CoreLogic, a property data provider based in Irvine, Calif., said Tuesday the national mortgage delinquency rate reached 5.6% in January 2021, up from 3.5% in January 2020 – but down from a recent peak of 7.3% in May 2020 as climbing unemployment rates and federal stimulus funds appear to be working their way into the housing economy.
The delinquency rate for January 2021 marked the lowest such figure since the onset of the pandemic – a 6.1% rate in April 2020.
The rate for “early-stage delinquencies” (those between 30 to 59 days past due) slipped to 1.3% in January 2021 from 1.7% in January 2020; while the “adverse delinquency” rates (60 to 89 days past due) edged down to 0.5% in January 2021 from 0.6% in January 2020.
“Serious delinquency” rates (90 days or more past due, including loans that are in foreclosure) rose to 3.8% in January 2021, up from 1.2% in January 2020, but has fallen from a 4.3% peak in August 2020.
The foreclosure inventory rate (the percentage of mortgages which are in some stage of the foreclosure process) was at 0.3% in January 2021, down from 0.4% in January 2020.
The “transition rate” (the percentage of mortgages that “transitioned” from being current on payments to 30 days past due) edged up to 0.7% in January 2021, from 0.6% in January 2020 — another hopeful sign that family finances are beginning to improve, stated Frank Nothaft, chief economist at CoreLogic.
“As different areas of the economy and the country began reopening in the middle of 2020, the unemployment rate began falling significantly. As more people returned to work and incomes bounced back, homeowners were able to resume making mortgage payments and began to exit forbearance,” Greg McBride, chief financial analyst at Bankrate.com, told Forbes.
The gradual decline in mortgage delinquency rates since late last spring has generally tracked the drop in the national jobless rate – between May 2020 and January 2021, the unemployment rate has fallen from 13.3% to 6.3%, while the delinquency rate has dropped from 7.3% to 5.6% over that period. While all states have seen their overall delinquency rates increase in January over the past 12 months, CoreLogic said the biggest jumps were witnessed in Hawaii and Nevada (up by 4.2% to 7% and 4.1% and 6.9%, respectively), largely due to their heavy dependence on tourism, a sector that has been slow to recover. Tourism- and hospitality-dependent Florida and Alaska were also among the five states that saw the biggest increases in delinquency rates. Selma Hepp, deputy chief economist at CoreLogic, told Forbes that easing early and adverse-stage delinquencies reflect a “recovering economy and a rebound in employment.”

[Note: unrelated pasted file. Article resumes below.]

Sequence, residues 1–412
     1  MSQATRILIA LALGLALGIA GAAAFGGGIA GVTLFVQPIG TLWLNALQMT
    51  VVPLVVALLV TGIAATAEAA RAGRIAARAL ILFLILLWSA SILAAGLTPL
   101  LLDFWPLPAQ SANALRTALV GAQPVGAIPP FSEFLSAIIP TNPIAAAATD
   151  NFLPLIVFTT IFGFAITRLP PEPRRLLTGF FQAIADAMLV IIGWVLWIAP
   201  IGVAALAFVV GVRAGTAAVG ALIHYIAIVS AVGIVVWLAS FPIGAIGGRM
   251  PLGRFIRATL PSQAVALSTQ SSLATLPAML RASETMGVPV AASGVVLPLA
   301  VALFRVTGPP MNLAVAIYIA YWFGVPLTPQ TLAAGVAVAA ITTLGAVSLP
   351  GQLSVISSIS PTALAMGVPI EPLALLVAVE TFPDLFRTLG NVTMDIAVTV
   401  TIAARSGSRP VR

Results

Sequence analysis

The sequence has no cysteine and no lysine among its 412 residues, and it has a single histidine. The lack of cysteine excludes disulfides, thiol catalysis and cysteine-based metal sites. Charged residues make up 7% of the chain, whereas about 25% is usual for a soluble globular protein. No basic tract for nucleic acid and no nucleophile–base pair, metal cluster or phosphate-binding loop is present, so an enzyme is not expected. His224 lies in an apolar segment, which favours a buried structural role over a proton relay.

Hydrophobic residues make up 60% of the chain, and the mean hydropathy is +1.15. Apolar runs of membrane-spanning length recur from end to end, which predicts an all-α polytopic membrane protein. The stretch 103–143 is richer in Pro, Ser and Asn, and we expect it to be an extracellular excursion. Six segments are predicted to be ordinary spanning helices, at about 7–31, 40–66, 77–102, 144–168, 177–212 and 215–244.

CoreLogic estimated that recent decisions by the the Federal Housing Finance Agency to extend the forbearance (a reduction or pause in mortgage payments) on Government-Sponsored Enterprise loans under the The Coronavirus Aid, Relief, and Economic Security (CARES Act) by up to six months meant that about 2.1 million borrowers will have more time to pay their mortgages. “The extensions will provide many struggling borrowers who have not been able to keep up with their regular mortgage payments with continued payment relief, as well as adding time to regain their financial footing,” CoreLogic added.
18 million. That’s how many Americans are still drawing some form of unemployment compensation, Greg McBride, chief financial analyst at Bankrate.com, told Forbes — and coming into 2021, more than 40% of all households reported their income was lower than pre-pandemic levels.
What To Watch For
McBride also said as homeowners in forbearance or behind on their bills resume making payments or work out permanent payment modifications, delinquencies will continue to decline. “However, the concern surrounds the roughly 14% of those exiting payment relief that are behind and have no plan [to make payments] in place,” he cautioned. “While this represents less than 1% of all mortgages, this is where the risk of future default is highest.”
CoreLogic said Idaho, South Dakota, and Wisconsin had the lowest state-level delinquency rates in January 2021. “Generally, the areas with fewer job losses and strong housing markets over the last year have seen lower delinquencies as homeowners either didn’t lose their jobs or took advantage of strong housing demand to sell their home prior to falling behind on payments,” Hepp explained.
While the 7.3% figure for national overall delinquency in May 2020 seems rather high – it remains well below the 12% figure from December 2009 (the peak since CoreLogic started measuring this metric in 1999) during the financial and housing crisis.